Thirty-Seven Reasons Not to use Chemical Herbicides
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Q. We are plagued with the pesky weed nutsedge in our flowerbeds. We have tried Roundup, Weed-B-Gon and every other herbicide we could find, including SEDGEHAMMER, (which does not work, even at double strength). We would be grateful if you had a solution for this awful weed. --
- ---[name withheld] in Brigantine, N.J., "not far from the beach"
I mostly avoid discussing the medical and environmental dangers of the poisons sold for landscape use, preferring to offer in-depth explanations of the non-toxic alternatives. You'll find 200 or so of those alternatives listed alphabetically in the Questions of the Week archived at this website. Had you checked those articles, you would have found a detailed explanation of how to deal with nutsedge in lawns.
That article was limited to lawns because nutsedge isn't typically a tough problem in flowerbeds, where a combination of mechanical removal, some flame weeding and proper mulching should eliminate it completely with relative ease. So would a season of solarizing the soil, at no cost to you other than the price of the plastic. The details on soil solarization are in this previous Question of the Week; as are a good half-dozen or so articles on other chemical-free weed control techniques. Just look them up alphabetically by scrolling through "W" (for weeds) on the list.
Instead, you spent a fortune to poison yourself and your environment, without, as you acknowledge, any effect on the weed. Surprisingly, you're not alone in chemical-failure land. The vast majority of the emails I get from people who admit using chemical herbicides talk about the failure of those sprays to control weeds. In fact, it often seems that the biggest reason people turn to me is not to protect their health or the environment, but because the lousy chemicals didn't work!
And yes, you really did break Federal law during your failure, just as millions of other homeowners do every season. It was a serious violation to use that "Sedgehammer" (or any other pesticide) at higher than recommended strength. In addition, the Weed-B-Gon label clearly states that it is not to be used on food gardens or flowerbeds. The label also warns that Weed-B-Gon is toxic to aquatic creatures (and you used it near the ocean!); and that the ingredients are a danger to water supplies (I hope you didn't spray it near anyone's well or other source of drinking water), and toxic to humans (I hope you used a respirator and skin protection when you sprayed it).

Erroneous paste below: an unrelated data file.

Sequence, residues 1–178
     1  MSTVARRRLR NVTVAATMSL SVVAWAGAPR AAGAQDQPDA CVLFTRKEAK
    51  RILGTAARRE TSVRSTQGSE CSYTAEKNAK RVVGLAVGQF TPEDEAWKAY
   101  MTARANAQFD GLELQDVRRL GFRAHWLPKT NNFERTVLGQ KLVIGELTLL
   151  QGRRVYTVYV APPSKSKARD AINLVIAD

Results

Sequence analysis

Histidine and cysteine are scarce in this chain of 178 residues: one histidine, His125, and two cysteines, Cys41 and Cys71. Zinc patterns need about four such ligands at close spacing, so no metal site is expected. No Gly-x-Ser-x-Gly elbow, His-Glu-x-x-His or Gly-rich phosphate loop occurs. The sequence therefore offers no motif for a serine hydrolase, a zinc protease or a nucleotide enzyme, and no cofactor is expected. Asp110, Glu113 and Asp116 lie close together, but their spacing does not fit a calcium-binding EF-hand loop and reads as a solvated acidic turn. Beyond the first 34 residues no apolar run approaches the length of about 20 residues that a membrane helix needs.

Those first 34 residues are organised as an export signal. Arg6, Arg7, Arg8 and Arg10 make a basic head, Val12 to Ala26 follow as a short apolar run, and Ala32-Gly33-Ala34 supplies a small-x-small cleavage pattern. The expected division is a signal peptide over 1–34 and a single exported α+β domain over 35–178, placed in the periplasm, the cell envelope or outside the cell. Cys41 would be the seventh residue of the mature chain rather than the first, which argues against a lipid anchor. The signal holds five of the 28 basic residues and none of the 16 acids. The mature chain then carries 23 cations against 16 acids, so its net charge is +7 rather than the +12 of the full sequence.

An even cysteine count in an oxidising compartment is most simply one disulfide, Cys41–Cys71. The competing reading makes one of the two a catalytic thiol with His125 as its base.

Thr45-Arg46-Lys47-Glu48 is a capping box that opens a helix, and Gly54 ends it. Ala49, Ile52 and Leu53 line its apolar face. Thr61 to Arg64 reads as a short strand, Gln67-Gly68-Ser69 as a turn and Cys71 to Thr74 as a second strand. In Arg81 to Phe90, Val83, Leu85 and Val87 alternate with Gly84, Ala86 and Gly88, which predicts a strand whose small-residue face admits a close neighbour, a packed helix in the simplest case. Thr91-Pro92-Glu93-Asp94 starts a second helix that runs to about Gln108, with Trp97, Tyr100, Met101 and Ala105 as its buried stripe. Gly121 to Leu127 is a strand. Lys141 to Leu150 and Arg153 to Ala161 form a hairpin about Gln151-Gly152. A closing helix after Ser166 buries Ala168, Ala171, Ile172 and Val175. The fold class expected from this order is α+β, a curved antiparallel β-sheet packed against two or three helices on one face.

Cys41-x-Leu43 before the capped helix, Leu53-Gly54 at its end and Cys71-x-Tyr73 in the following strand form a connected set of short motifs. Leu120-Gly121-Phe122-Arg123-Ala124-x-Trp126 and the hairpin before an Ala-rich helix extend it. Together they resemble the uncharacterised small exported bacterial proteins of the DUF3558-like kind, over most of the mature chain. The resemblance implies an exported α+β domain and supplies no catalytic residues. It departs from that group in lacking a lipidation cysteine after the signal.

This information doesn't come from some anti-pesticide group, environmental organization or other source you could discount as hippy-dippy; its 100% from the actual product label. That's why every state Extension Bulletin pleads that you read the label before using any pesticide. ('Pesticide' is a catch-all term that includes insecticides and herbicides.) Unfortunately, precious few people read those labels. If more people did, I expect these products would remain on their store shelves.
Then there's your use of Roundup in your environmentally sensitive aquatic environment. Research conducted by Dr. Rick Relyea of the University of Pittsburgh (and frequently cited on our show) found that Roundup kills huge numbers of amphibians. You may not think much of frogs, toads and salamanders, but without their incredible pest insect-eating appetites, we would be overrun with roaches, fleas and crop pests.
A recent study from France found that store-bought Round-Up products caused human cell death. Previous European studies found it to be a potent hormonal disruptor, causing infertility in the wives of farmers who worked with "Roundup Ready" crops, which are genetically engineered to survive massive doses of the potent weed-killer. (Despite what the PR campaigns would have you believe, genetically engineered crops often use more pesticides, not less.)
And although we're focusing on herbicides, many insecticides also work by disrupting the hormonal balance of living things; a very troubling mechanism considering the surge in hormonally influenced human cancers. (Of course, some insecticides are just good old-fashioned nerve toxins; poisons to every living thing they encounter.)
And a large-scale epidemiology study conducted by Professor Anthony Seaton of the University of Aberdeen some years back revealed that use of garden pesticides increases your chance of developing Parkinson's later in life.
I could go on citing this kind of research for hours, (here's a laundry list of abstracts, many with excellent citations to the original publications, for those who haven't had enough yet.) but I'm done for now: To those of you who have already made the right choice, who utilize the weed-suppressing power of mulch, who appreciate the fast and satisfying work of a sharp hoe, the smothering power of herbicidal soap and the joy of watching a flame-weeded dandelion puffball burst into Munchkin fireworks, I thank you.
To the rest of you: All I can do is continue to offer you non-toxic alternatives in whatever venues are available to me and hope that you'll choose to do the right thing. A lot of people are looking for non-essentials to cut back on these days. There's nothing less essential than toxic and ineffective chemical herbicides, so use thrift as your excuse. Or your health. Or the health of your children. Or your neighbors. Or Rachel Carson's warning about the potential of these toxins to silence the music of nature. Whatever your reason, "just say no".
And don't make me have to pull over and have this talk with you again!